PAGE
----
At the Grille, we were able to contribute to the entertainment of this year's election season when we promoted the Donald and the Hillary burgers, which added some political flair to our burger menu and to our restaurants. We're convinced that with the Grille brand, social and digital media, the two most effective means to get our messaging out, and with this type of limited-time offering we have a platform to do more to enhance communicating through these channels in the future.

We're at an early stage of improving our social and digital presence. We have engaged a third-party provider to advise us on how best to approach this opportunity and our marketing spend, and we'll update you in the coming quarters as our plan evolves.

Lastly, let me quickly discuss our Happy Hour offering at the Grille. As of the end of the second quarter, we have rolled out this offering to four of our Grille locations – great items, lobster corn dogs, flatbreads, cheesesteak egg rolls, many more delicious food items and some discounted drinks. What we're excited about is not only the energy and excitement and guests that it brings in during Happy Hour, but our guests are staying past the 06:30 PM stop time of Happy Hour, which helps create energy, fun and excitement for the rest of our guests that evening.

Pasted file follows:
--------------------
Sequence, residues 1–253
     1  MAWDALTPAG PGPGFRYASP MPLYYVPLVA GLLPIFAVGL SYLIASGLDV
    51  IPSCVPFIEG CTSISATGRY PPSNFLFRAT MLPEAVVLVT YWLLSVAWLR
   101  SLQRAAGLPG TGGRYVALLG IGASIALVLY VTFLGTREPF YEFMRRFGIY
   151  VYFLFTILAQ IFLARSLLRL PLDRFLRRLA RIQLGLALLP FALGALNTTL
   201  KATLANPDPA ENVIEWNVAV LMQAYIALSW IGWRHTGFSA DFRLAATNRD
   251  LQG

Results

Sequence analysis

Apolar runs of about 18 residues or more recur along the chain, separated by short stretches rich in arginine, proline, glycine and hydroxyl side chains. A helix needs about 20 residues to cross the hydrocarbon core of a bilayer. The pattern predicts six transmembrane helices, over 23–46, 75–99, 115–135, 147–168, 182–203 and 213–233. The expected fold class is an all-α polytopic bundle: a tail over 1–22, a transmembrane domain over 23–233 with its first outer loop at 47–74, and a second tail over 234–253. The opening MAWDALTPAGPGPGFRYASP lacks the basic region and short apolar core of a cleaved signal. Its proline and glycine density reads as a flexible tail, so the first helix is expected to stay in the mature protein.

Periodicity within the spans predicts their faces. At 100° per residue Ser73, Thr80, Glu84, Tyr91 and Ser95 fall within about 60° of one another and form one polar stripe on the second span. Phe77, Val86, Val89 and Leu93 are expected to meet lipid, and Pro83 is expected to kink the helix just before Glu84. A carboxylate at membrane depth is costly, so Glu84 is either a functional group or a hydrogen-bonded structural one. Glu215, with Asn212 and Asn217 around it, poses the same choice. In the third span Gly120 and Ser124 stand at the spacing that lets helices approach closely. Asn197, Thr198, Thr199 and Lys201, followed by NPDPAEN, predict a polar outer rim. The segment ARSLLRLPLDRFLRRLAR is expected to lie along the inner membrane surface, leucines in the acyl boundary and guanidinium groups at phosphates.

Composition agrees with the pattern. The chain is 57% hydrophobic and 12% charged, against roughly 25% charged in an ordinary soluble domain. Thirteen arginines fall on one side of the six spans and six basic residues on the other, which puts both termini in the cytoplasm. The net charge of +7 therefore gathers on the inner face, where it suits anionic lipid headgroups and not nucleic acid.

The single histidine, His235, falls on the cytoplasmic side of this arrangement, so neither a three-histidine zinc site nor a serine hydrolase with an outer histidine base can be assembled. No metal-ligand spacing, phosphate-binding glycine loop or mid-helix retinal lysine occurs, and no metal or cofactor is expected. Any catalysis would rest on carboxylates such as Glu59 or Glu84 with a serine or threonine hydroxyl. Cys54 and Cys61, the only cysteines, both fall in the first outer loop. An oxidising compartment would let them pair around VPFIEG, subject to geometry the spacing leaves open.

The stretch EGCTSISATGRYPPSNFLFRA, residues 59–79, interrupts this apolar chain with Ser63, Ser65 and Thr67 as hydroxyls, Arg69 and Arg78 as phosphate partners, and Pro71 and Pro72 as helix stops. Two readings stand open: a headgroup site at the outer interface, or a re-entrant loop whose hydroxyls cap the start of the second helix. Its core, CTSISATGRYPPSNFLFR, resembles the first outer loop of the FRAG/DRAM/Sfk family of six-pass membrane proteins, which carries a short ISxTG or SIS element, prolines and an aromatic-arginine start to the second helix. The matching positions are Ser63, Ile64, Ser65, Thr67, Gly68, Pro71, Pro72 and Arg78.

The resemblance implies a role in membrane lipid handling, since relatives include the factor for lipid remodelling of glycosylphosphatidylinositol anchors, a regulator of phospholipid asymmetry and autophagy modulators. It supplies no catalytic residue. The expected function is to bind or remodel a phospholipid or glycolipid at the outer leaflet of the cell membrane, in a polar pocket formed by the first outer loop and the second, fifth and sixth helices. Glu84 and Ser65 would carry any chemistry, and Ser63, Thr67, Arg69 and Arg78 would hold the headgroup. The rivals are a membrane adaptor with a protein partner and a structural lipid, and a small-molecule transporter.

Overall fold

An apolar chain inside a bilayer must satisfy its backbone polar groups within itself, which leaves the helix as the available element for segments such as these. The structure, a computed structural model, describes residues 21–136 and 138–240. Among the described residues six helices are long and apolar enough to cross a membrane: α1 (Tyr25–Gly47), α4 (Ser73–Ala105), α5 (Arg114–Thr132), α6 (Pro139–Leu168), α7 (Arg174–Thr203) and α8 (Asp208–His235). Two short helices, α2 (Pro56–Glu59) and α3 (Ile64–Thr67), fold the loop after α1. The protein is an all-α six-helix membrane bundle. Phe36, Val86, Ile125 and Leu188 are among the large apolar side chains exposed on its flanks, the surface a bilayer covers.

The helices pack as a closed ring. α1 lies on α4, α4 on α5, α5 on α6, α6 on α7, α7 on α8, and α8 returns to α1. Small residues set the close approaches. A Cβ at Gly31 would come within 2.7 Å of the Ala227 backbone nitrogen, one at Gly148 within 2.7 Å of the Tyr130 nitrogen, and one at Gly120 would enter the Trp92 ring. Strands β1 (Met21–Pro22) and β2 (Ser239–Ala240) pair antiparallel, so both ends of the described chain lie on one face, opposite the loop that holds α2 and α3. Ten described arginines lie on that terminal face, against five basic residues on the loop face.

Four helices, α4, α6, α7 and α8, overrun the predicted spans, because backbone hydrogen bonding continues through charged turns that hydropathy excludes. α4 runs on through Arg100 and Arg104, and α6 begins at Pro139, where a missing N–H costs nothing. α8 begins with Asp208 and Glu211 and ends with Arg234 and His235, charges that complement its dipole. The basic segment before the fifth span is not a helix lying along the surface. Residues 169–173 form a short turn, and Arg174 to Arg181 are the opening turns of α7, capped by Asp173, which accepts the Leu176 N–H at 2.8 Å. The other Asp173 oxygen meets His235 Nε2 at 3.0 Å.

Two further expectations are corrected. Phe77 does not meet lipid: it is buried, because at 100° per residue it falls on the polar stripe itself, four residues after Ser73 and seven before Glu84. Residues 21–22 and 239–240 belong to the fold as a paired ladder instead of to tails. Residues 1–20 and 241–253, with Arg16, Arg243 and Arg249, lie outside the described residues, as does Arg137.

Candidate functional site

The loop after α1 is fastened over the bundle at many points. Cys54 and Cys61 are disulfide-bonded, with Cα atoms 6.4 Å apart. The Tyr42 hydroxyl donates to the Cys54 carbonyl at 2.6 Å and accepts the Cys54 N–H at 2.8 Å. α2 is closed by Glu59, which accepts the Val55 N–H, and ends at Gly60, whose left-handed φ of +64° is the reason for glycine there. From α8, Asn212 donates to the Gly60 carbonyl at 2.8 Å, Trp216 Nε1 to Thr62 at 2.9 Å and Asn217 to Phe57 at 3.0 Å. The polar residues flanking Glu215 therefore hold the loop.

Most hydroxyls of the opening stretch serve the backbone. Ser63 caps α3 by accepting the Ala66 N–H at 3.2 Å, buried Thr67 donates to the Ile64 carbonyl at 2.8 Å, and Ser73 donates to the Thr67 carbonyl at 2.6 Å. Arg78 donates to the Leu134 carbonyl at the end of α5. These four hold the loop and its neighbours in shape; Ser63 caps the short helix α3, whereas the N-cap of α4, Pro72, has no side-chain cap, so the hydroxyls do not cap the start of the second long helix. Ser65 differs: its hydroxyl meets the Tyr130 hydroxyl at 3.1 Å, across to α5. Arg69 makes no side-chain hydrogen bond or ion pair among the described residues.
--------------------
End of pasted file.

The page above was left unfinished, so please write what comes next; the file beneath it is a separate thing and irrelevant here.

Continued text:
Our over-achieving theme this year is utilizing 2016 as a transitional period upon which to build a stronger foundation for our brands and position our company for the growth in 2017 and beyond. The success of all of our initiatives starts with our people and the structural changes we made last December. As you may recall, we placed three high-performing and long-tenured individuals from within in charge of leading the growth and the operational direction for each of our three brands. Since that time, I'm happy to say that these brand leaders have made great progress in developing our talent pool, which I know will pay dividends for a long time to come.

So with that, I'll turn it over to our Chief Financial Officer, Tom Pennison.

Thomas J. Pennison Jr. - Chief Financial Officer